“The guidebooks love to tell you that the movie, perhaps the most famous film ever made, was shot entirely in Hollywood. I found it strange that it should have attracted such a cult following, famous for being famous. As the first scenes came and went, I couldn’t help but notice that the Casablanca depicted on-screen had very little to do with the city in which I was sitting. Indeed, I wondered if the two had ever been true reflections of each other. In the film, wartime Casablanca was a mysterious haven in which refugees heading for America would become stranded. Although the story line may have been founded on a fragment of truth, the city dreamt up on Warner Brothers’ back lot was a suffocating blend of Arab styles, whereas Casablanca of the time was European from top to toe.”
I can relate this quote from Tahir Shah’s “The Caliph’s House” to at least one emotion I felt while wandering around the city of Casablanca. Before arriving, my main exposure to the city came from this award-winning film. My high school prom was even themed Casablanca. I had my fedora ready and was prepared to task Sam to play it again. When I arrived, as Shah describes above, Casablanca is slightly different than the movie suggests. And Rick’s Cafe even closed at the early hour of 12pm on a Saturday night.
The city has a look that it used to be a more glamorous city and that it is trying to recapture some of that sparkle. For example, as I was doing Lonely Planet’s walking tour, I noticed they are in the process of tearing up a major road to install a tram system. In addition, in the 1990’s, the Hassan II Mosque was built on the water’s front. This mosque, one of the King’s projects costing about half a billion dollars, is a controversial subject considering the high unemployment rates in Morocco and the other uses for such a large sum of money. That said, the mosque looked like it cost about that with its 210 meter tall minaret, its courtyard made to handle crowds of 80,000, its centrally heated floor, a different glass floor, and its retractable roof. There was a line somewhere and I think Hassan II may have crossed it.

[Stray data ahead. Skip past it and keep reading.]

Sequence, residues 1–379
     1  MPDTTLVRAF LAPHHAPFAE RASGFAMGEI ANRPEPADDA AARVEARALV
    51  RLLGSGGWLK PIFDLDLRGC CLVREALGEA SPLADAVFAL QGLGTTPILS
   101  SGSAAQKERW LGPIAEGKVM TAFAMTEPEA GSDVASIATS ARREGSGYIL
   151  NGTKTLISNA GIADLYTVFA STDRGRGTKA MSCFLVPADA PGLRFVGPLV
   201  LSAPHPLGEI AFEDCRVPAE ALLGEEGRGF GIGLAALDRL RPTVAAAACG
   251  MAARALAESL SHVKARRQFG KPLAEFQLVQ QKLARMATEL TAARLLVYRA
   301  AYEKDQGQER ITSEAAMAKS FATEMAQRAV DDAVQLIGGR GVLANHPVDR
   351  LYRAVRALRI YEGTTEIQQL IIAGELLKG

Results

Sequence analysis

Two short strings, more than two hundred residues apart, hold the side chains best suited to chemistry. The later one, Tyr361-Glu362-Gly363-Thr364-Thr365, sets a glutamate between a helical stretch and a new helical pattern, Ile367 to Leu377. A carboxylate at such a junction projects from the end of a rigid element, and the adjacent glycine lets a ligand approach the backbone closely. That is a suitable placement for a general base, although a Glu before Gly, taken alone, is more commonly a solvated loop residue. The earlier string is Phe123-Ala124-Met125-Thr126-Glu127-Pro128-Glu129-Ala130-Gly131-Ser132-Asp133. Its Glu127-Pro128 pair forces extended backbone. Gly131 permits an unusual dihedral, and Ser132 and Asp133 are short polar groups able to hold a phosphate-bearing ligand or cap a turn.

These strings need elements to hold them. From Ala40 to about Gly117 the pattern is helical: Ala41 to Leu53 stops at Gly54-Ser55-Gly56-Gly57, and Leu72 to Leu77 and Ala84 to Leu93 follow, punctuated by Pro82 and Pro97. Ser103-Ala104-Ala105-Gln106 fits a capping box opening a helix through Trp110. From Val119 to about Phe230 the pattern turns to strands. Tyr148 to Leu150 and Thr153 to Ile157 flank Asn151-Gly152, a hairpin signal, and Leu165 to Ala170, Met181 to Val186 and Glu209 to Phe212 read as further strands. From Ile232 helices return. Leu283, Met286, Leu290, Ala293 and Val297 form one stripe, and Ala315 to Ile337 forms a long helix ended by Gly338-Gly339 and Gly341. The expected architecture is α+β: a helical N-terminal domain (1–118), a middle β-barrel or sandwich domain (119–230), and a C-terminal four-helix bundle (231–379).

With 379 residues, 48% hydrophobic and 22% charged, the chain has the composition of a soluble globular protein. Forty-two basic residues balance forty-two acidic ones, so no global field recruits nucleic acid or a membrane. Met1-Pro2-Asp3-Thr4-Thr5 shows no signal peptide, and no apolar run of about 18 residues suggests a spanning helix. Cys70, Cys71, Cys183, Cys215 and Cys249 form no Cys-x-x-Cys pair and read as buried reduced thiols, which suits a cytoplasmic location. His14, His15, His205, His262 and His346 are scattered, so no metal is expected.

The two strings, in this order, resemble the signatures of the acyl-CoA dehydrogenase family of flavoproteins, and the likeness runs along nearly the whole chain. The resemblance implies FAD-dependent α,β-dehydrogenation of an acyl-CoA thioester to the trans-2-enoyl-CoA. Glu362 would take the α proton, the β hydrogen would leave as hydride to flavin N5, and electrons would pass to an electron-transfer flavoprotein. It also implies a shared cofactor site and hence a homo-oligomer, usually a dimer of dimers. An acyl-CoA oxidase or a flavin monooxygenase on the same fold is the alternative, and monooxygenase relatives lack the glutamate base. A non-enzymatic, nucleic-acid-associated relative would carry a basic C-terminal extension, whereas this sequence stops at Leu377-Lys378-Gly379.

Staying at the Hotel Central in Casablanca’s Old Medina, the owner of the Hotel recommended we try a nearby restaurant called Sqala for dinner. We did just that, were not dissappointed, and it later reappeared in Shah’s book.
“[Zohra, Shah’s assistant,] suggested an excellent restaurant called Sqala, set in a former Portuguese fortress on the cusp of the medina. Moroccan food tends to be as inferior in restaurants as it is superior in the home. To achieve the subtle flavors takes an astonishing amount of care and time. The ambiance is important as the food itself, as is the attention lavished on a guest. As you gorge yourself on the delicacies, with your hosts whispering flattery, it’s very hard not to give in to delusion.
“The meal reintroduced me to the sensory marvels of real Moroccan cuisine. We ordered a selection of dishes. There was chicken tagine flavored with tumeric, honey, and apricots; a pair of sea bream marinated in a saffron sauce and served on a bed of couscous. After that came bistiya, a vast platter of sweet pastry, beneath which lay wafer-thin layers of pigeons, almonds, and egg.
“Zohra said the family was the center of Moroccan life, and that food was at the center of the family.”
A couple other highlights of my short time in Casablanca were both athletically driven. In the afternoon, the Casablanca futbol team won its league (or something along those lines based on the explanation I was given in broken english), and those dressed in green and white flew their flags, crammed into buses unclear to where, and made lots of noise. Then the following morning, on our way to the Hassan II Mosque, Adam and I walked along a part of a half marathon route. We pretended that we were disappointed that we didn’t know it was occurring as if we would have participated otherwise.
Although Casablanca was not the cultural center of Morocco, it did have some impressive sights and offered some delicious tastes for my first day in the country.